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Drug Regulation

Today in the United States, herbal products can be marketed only as food supplements. An herb manufacturer or distributor can make no specific health claims without FDA approval.

Two features of European drug regulation make that market more hospitable to natural remedies. First, it costs less and takes less time in Europe to approve medicines as safe and effective. This is especially true of substances that have a long use history and can be approved under the "doctrine of reasonable certainty." European guidelines for the assessment of herbal remedies follow up on WHO’s Guidelines for the Assessment of Herbal Medicines, which state that a substance’s historical use is a valid way to document safety and efficacy in the absence of scientific evidence to the contrary.

France, where traditional medicines can be sold with labeling based on traditional use, requires licensing by the French Licensing Committee and approval by the French Pharmacopoeia Committee. Germany considers whole herbal products one active ingredient; this makes it simpler to define and approve the product. The German Federal Health Office regulates products such as ginkgo and milk thistle extracts so that potency and manufacturing processes are standardized. England generally follows the rule of prior use; that is, years of use with apparent positive effects and no evidence of detrimental side effects constitute enough evidence---in lieu of other scientific data---that the product is safe.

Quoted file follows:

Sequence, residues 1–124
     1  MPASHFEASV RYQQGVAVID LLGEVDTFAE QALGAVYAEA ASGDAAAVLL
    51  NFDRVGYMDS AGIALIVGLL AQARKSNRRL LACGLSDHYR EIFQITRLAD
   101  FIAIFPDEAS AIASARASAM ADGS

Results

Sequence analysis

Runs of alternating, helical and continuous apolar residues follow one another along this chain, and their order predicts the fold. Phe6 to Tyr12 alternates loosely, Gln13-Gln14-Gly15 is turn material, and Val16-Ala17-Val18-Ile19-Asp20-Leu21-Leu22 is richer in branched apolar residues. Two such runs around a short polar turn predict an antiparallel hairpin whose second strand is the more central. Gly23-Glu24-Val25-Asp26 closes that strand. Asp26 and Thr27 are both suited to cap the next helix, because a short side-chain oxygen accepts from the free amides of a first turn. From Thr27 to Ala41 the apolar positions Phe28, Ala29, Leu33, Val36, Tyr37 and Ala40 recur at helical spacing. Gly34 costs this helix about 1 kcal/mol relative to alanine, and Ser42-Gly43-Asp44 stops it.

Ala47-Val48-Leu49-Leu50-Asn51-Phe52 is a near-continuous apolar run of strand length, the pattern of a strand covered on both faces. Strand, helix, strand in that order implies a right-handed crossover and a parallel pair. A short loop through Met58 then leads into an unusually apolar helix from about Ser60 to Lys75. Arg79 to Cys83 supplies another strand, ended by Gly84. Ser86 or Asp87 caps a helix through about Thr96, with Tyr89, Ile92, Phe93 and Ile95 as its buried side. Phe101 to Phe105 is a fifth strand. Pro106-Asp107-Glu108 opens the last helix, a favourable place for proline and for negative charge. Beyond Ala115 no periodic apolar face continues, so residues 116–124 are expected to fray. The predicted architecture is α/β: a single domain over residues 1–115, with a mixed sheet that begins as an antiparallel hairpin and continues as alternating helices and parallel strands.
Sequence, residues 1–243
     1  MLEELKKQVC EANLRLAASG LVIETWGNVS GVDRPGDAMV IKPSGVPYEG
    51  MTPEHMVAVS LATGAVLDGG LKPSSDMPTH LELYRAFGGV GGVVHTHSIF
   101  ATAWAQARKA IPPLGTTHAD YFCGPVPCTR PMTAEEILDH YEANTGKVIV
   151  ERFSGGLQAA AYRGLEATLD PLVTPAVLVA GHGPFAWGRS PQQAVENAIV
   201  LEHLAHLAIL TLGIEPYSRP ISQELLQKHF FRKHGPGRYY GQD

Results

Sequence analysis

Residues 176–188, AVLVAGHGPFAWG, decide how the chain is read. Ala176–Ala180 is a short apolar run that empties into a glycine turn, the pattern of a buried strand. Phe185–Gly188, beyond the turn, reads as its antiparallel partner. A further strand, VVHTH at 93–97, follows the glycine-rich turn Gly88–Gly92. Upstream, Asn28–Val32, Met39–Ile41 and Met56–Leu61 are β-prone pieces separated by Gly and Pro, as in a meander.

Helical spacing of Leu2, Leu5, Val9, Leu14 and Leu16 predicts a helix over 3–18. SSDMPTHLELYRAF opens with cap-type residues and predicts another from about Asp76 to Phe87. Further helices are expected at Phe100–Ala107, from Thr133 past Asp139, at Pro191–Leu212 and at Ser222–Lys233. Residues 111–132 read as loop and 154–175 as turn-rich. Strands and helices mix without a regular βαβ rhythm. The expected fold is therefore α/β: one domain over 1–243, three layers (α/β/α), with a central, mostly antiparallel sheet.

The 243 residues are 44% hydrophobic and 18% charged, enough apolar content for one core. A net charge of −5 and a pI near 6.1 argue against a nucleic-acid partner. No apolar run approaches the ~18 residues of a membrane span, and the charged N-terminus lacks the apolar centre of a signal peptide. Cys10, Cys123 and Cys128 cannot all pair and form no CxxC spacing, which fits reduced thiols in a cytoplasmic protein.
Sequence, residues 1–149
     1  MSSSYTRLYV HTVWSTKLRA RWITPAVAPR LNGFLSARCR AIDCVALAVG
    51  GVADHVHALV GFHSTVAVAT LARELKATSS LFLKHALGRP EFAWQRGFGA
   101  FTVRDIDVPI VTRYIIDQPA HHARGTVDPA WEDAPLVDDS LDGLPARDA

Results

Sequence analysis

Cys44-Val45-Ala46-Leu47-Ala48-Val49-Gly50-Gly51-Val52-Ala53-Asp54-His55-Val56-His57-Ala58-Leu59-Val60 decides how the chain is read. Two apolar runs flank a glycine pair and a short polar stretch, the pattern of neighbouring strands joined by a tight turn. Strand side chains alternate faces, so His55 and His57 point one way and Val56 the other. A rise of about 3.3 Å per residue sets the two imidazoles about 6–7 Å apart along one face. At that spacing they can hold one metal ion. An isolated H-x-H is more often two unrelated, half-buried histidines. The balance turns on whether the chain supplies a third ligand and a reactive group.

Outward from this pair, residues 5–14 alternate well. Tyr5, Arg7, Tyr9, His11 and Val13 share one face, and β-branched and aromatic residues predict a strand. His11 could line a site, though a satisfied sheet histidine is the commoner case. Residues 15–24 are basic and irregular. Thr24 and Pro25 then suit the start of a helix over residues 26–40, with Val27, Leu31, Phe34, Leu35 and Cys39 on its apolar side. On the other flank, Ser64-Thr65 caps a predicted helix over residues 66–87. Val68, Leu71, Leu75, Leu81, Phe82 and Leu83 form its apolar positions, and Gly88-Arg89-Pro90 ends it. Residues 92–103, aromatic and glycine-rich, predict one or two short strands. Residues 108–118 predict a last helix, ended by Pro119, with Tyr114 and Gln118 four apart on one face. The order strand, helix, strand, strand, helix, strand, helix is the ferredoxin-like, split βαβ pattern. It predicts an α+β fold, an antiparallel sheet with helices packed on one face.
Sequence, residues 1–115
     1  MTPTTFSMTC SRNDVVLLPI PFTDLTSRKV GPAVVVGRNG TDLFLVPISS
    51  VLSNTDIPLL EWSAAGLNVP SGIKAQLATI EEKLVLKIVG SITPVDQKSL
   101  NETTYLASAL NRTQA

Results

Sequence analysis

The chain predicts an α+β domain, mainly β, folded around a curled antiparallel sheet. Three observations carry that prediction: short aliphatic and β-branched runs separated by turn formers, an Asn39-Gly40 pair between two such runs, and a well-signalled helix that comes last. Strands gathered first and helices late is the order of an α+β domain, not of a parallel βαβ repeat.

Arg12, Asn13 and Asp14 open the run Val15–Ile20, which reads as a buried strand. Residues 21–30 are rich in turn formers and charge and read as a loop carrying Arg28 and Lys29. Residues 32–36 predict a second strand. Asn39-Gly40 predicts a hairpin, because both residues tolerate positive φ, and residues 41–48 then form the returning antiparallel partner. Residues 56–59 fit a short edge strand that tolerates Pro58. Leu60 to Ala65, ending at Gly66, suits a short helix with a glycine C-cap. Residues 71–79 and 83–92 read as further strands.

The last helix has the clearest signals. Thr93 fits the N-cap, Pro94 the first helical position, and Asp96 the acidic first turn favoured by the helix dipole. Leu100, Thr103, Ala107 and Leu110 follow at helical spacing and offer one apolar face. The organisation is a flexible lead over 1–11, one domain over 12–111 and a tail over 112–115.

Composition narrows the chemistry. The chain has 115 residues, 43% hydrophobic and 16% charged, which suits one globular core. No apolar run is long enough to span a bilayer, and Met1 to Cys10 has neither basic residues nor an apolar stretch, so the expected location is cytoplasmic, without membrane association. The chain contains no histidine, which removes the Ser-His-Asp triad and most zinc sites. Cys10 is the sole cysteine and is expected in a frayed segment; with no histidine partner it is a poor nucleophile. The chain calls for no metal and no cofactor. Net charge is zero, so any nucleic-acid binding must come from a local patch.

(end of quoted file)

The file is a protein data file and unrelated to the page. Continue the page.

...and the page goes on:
In Japan, China, and India, patent herbal remedies composed of dried and powdered whole herbs or herb extracts, often in tablet form, are the rule. Traditional herbals are the backbone of China’s medicine. Japan’s traditional medicine, kampo, is similar to and historically derived from Chinese medicine but includes traditional medicines from Japanese folklore. Herbal medicines are the staple of medical treatment in many developing countries and are used for many types of ailments.

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